Ann Gottesman

Cover design by Oberon
Faerie Gold Press
Sebastopol , 2006
20 pp, Hand-sewn


  While she sat on the floor with ice cubes on either side of her ear in preparation for Pam to pierce it, Azure looked out the large window to see a man standing by the swimming pool with a fishing pole and net.
  “Who‚s that?” she said, blocking out the radio buzz from the next room.
  “Is he going to fish in your pool?”
  Pam, with her light complexion blending with her hair that was pulled back tightly in a bun, looked strange as she nodded and held back tears. Azure forgot how she had come to ask her in the first place to pierce her ears. Her knees cramped. She shifted her position as Pam whisking away a tear went to turn off the radio. Recently her boyfriend had drowned, died of a heart attack or had it been a broken heart, Azure wondered, folding her legs together again.
  “He‚s a poet,” Pam said returning to the job at hand. “Lives on Stonewood Lane in New York . Imagine having no number for an address, just a street name.”
  Suddenly Azure heard a loud pop and her ear stung. She heard poet and saw a rainbow around his head. Her ear bled.
  Watching Ernest slowly walk around the pool, his intense watchfulness of looking into the water as if following a shadow, took her thoughts away. He stopped abruptly, cast his line in the water, and then stood motionless like a statue in bright sunlight.
  Azure held the ice on the other ear, as she continued to watch him. He, then, began walking to the end of the diving board, pulling the dangling line gently through the water. Setting his pole under him, as he perched at the end of the board, he took a black book from his belt and started to write in it.
  “He‚s really special, isn‚t he?” Azure said.
  “Yeah. He‚s one of a kind. You know, Azure, he‚ll be in Paris when you are. Why don‚t you meet up with him?”
  “I couldn‚t,” she said dropping the ice. She looked over at Pam for help.
  “Honestly, Azure.”
  “I just can‚t, can I? Is he nice?”
  “Very.” Pam said.
  “But isn‚t he your boyfriend?”
  “No. But, he did introduce Adam to me. ” she sighed. “He‚s here for the funeral.”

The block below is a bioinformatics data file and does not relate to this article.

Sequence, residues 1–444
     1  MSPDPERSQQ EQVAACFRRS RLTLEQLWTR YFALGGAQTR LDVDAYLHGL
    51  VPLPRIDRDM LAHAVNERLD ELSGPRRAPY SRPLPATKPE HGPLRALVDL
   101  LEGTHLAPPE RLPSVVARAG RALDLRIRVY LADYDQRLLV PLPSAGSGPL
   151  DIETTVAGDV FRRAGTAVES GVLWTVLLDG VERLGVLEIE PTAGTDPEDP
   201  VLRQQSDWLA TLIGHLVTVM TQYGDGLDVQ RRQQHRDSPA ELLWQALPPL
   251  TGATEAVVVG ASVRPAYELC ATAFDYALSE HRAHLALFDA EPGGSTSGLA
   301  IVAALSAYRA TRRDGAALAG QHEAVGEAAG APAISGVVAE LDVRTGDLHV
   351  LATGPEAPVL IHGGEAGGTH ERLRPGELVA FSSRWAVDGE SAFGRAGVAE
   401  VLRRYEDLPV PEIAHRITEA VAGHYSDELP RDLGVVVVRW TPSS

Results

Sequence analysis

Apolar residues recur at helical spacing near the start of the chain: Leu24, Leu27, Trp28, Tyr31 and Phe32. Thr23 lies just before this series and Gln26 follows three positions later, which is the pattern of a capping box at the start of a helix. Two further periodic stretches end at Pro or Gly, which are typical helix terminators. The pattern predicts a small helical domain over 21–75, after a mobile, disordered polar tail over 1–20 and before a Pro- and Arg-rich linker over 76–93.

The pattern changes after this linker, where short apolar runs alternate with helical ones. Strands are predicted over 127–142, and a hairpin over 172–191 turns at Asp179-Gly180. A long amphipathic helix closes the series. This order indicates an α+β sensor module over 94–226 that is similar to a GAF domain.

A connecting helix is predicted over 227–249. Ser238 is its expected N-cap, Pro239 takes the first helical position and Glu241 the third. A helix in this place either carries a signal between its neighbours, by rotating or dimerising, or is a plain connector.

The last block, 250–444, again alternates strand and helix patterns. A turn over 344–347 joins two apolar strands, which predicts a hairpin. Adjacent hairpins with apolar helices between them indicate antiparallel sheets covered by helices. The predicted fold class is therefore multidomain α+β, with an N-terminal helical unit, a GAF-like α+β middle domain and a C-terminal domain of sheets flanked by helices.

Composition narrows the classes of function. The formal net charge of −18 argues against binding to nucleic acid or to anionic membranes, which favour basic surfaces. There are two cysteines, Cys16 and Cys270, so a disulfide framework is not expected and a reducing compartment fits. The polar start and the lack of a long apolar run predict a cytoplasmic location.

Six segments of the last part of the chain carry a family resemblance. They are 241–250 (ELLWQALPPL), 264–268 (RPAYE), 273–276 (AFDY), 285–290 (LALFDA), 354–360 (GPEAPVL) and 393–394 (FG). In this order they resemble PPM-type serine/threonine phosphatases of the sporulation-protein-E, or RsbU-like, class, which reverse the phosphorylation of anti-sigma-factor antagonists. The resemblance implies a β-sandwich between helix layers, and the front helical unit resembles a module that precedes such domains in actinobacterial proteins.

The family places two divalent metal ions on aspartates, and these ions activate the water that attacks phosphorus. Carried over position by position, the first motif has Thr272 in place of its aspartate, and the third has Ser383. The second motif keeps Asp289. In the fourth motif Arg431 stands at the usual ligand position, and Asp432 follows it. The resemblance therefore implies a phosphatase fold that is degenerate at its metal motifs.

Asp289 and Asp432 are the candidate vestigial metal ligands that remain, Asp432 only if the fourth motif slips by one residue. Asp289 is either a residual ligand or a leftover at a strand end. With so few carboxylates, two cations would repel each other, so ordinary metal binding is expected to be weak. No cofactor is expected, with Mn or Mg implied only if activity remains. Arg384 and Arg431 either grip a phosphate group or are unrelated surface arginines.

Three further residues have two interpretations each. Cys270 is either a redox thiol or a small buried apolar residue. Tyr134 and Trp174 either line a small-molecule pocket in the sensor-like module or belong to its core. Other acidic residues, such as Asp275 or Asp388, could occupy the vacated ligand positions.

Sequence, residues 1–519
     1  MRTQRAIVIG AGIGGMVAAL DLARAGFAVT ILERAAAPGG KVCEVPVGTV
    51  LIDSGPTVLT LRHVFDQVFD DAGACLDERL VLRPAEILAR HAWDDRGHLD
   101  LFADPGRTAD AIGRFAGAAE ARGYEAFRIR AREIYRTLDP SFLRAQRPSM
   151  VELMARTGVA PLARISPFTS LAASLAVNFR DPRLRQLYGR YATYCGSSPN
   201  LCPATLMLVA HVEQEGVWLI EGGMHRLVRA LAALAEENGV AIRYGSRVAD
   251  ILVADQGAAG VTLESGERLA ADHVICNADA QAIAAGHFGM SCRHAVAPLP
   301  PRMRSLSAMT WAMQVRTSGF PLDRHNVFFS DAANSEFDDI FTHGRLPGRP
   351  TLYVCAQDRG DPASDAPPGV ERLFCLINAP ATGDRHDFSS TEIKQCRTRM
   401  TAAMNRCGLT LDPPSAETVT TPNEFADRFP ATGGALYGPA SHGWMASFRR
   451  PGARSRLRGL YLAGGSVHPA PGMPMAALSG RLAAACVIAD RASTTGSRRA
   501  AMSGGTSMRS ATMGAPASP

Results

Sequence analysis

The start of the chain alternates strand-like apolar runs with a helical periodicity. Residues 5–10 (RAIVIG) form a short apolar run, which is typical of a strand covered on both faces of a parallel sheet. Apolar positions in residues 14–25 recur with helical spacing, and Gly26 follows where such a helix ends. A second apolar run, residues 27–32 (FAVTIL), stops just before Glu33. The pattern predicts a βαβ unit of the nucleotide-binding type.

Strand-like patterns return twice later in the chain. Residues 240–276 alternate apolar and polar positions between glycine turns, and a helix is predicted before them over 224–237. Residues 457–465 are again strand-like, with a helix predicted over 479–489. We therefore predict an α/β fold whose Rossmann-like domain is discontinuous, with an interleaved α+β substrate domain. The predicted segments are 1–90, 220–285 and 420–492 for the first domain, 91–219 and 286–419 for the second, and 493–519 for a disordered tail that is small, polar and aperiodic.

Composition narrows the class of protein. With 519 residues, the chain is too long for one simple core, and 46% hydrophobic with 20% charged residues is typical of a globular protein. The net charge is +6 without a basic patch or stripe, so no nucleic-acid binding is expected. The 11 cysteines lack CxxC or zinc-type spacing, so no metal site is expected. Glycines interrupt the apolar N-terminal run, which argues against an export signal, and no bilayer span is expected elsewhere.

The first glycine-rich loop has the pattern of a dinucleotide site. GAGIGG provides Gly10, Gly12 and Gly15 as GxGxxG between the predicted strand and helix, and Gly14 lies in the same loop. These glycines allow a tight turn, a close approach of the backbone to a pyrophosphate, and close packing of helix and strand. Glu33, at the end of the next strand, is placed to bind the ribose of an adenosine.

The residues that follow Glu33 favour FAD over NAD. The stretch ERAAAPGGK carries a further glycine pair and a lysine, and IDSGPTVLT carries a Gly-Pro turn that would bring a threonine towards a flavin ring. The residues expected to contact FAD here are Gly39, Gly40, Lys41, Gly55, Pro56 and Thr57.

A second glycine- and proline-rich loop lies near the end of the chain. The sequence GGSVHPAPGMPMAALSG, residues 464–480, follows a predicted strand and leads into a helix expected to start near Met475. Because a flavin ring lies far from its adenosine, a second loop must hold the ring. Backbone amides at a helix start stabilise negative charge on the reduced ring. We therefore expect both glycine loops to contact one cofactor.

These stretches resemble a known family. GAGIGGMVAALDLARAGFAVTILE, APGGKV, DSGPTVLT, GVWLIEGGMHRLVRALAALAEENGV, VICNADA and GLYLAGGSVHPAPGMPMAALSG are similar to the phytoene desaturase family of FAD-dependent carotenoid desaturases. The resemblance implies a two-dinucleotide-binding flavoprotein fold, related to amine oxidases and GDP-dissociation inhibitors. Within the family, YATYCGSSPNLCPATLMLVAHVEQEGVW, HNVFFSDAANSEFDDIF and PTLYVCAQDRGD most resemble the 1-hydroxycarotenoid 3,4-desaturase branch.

Azure‚s ear popped again.
  “Don‚t pay any attention to it. Ears always make that noise. Just remember to put alcohol on them twice a day,” Pam said more cheerfully.
  Azure nodded.
  “You‚ve never been in love?” Pam inquired.
  “Not really.”
  “I don‚t know. Besides sex isn‚t everything.”
  “Who‚s talking about sex? You know, Azure, you can‚t start, too soon, deciding for yourself.”
  “Ernest‚s a poet and you said he‚s nice,” she studied him again as he kept writing. “You can give him my address and if he wants, he can meet me in Paris on Bastille Day. How does that sound?”
  Before she could say another word, Pam hurried outside leaving Azure quivering with her yes, not feeling the ground under her would hold her, as if she were a fish out of water. She couldn‚t believe she said yes.
  As Ernest walked closer to the door, she saw he was a lot older, maybe even eight years older than she thought. She figured that meant he was through college, and possibly had a job. Those worldly accomplishments made her feel the world was too large and weighty for her delicate mind.
  The plate glass door slid open. Pam introduced them. All Azure could do was smile at him. He was like a dream come true. Ernest‚s soft gaze made her feel he was looking at a fish swim through water.
  “If you want me to meet you, Azure, in Paris , then send me your itinerary. I‚ll write you a poem back and I‚ll be there, Azure.” Then he turned, quickly made a note in his black book. On his way out, he whispered something to Pam. The door slid closed.
  Azure looking in the mirror at her new gold ball earrings and her pixy face, felt very young.
  “He thinks you‚re beautiful.”
  Azure smiled.


  The Paris subway‚s gray steps shifted under her feet. Her heart seemed to leave her body. Her hands sweat. She grabbed for the rail - cold, black. A sunless day, she floated through. Her breath short. She turned around to call for help but the wash of fast walking commuters swept over her. Someone knocked her to the ground. She hit her head.
  A large eagle, its giant talons wrapped around her waist and with its beak pulled off a piece of her flesh, swallowing it as it released her, letting her roll, falling to earth.
  He appeared above the subway steps, as she sat up dazed. The hazy sun halved around his mass of black hair.
  He said, “Here is a poem. Read it.”
  She read, “A ghost has no color in a pretty face in the tattered city tattoo.”
  He left saying he would return.
  That night, a French hotel room, decor in white, exaggerated doors, fussy but for the bidet in the room exposed like a marble Greek sculpture. She put her head on a tall pillow that wouldn‚t fluff down. When she closed her eyes to let sleep in, a dark shadow enveloped her, wanting her to go to another place. She tried to shake off the cold clammy feeling by rubbing her hands together. It would not leave her. Her body jerked and she felt as if she were walking on air.
  Then she got out of bed and began meandering around the room reciting his poem.
  “A ghost has no color in a pretty face in the tattered city tattoo.”
  Into a small dark green room next to hers, she walked as if going up the subway steps to meet him.